Barndominiums are becoming more and more popular, but when we first started researching them for our house, we did not find a lot of information on the internet about them. I’m hoping this series will help anyone who is considering building one of your very own.
I have so much information on building a Barndominium that one post would not nearly cover it all. I will be breaking this into several series to cover a wide variety of topics including how to finance your barndominium, how to lower your mortgage payments, DIY projects, and much, much more.
Custom home building is not for the faint of heart. We started our house building journey back in 2009 and didn’t move in until 2013. That’s not to say we broke ground in 2009, but we started our research at that time. In those four years we went through 6 builders and several renditions of our plans. No, we are not those crazy people who drive builders away. It was just always something. Like #5 who up and changed careers all together after given us a quote and a start date. Or #3 whose company was mainly a metal supplier, but they also sometimes acted as general contractors. One day our contact stopped communicating with me all together. After about two months, I finally got an email saying they were shifting their business to only focus on the metal and no more general contracting. Unfortunately, he still had my gate key to the land and would not return emails or calls so we were forced to change the locks. But all things happen for a reason and they all led us to our final contractor who was not only experienced in what we were doing but also a wealth of information and very helpful.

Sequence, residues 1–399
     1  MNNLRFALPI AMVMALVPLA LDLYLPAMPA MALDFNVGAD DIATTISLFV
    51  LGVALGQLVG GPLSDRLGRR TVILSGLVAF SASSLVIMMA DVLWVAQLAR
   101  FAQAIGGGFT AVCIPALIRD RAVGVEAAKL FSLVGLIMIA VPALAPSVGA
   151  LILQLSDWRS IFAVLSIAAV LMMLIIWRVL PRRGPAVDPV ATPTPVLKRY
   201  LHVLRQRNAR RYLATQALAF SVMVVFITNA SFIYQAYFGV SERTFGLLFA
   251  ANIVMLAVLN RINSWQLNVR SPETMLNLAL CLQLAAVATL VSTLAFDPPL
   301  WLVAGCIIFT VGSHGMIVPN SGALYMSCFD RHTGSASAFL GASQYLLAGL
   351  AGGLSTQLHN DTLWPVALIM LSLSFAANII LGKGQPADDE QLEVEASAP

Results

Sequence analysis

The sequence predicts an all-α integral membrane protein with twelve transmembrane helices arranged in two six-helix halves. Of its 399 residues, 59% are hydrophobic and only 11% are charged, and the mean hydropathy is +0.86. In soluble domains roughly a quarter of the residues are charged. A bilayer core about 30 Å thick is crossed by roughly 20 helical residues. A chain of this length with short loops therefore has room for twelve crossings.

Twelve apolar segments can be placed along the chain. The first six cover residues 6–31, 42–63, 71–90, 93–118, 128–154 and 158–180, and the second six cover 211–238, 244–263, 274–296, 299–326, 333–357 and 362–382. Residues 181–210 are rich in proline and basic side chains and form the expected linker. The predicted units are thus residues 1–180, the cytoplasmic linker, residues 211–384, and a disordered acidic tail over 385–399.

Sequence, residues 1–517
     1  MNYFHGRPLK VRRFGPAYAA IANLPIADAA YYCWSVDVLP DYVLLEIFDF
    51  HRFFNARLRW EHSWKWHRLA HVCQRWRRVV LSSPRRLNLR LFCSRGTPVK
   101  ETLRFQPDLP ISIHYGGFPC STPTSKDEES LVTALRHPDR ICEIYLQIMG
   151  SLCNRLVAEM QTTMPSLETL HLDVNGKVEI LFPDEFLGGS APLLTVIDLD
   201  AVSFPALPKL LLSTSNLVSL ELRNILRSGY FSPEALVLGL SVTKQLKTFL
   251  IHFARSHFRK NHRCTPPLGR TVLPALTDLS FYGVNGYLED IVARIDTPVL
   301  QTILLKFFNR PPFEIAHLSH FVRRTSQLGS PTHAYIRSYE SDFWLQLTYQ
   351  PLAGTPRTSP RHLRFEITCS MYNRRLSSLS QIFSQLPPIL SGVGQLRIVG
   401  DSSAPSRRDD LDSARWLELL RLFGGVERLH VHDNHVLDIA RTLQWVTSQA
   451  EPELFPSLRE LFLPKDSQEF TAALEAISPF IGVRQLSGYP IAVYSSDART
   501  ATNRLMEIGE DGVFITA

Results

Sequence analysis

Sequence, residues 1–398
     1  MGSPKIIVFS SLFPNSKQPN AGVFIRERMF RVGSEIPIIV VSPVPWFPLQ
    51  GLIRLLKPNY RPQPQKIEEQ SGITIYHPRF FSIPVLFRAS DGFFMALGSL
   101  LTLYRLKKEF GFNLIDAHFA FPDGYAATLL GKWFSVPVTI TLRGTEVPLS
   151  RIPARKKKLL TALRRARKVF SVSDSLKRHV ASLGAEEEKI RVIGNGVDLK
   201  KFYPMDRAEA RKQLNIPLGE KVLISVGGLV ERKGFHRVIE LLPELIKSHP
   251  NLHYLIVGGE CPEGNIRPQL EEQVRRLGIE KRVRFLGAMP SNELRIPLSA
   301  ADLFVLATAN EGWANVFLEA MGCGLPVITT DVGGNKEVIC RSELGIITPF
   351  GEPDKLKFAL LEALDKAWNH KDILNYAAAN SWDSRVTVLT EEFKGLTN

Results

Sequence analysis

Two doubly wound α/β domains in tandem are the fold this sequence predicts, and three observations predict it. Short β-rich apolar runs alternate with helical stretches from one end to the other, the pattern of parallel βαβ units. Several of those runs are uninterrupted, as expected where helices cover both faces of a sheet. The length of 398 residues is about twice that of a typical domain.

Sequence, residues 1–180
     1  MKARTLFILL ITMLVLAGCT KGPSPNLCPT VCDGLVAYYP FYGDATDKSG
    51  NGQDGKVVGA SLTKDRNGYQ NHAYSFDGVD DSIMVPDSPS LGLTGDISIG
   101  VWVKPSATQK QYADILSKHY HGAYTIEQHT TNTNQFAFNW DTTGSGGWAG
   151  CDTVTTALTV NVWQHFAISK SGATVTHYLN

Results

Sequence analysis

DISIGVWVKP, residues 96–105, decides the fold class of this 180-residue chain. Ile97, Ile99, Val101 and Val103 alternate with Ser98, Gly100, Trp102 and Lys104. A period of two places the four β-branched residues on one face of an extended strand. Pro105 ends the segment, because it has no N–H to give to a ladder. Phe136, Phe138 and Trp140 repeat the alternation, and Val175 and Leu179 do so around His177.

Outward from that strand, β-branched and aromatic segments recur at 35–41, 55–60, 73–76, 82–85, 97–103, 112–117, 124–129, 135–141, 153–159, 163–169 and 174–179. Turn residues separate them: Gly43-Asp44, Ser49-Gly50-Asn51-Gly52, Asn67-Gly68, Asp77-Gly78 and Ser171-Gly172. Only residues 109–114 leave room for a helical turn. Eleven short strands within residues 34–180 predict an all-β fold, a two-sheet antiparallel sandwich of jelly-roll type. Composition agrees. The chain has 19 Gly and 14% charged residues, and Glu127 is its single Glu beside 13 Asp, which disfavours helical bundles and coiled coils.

Tips to Building a Barndominium
1. Research local metal building manufacturers and suppliers.
We found several big companies in our area such as Mueller and Morton Buildings, but ultimately we went with a local metal supplier that happen to be in our town. The bigger companies are great too, and can provide a lot of helpful information.
2. Vet your contractor.
As I mentioned, we went through several contractors. Most of them were eliminated in the early rounds of discussion, but a few were out after quoting and planning had already started. It can take a real emotional toll on you when one falls through and you have to start the process all over. Vetting your contractor will really help prevent a lot of potential heartache. Don’t be afraid to ask for references and then actually call those people. There’s nothing more reassuring than talking a to contractor’s past customers and hearing glowing reviews. Also, keep a running list of other people’s suggested contractors in case you need a backup. I wrote down every single contact someone gave me along the way. In fact, that’s how we got our contractor, through a suggestion from one of my husband’s customers.
3. Get to know your neighbors.
Our neighbors were so helpful throughout the whole process. We’ve had this land for years so fortunately we already knew most of them. In fact, one neighbor had built a barndominium and his wife lent me her very well organized binder from when they went through the process. She also warned me what contractors and companies NOT to use based on their experience. Through our neighbors we learned about the different companies we could use from digging our well to what internet providers were available. In fact, the owner of the company that installed and maintains our septic is actually one of the few neighbors we hadn’t met. I pass him on the road all the time now.
4. Talk to several different banks.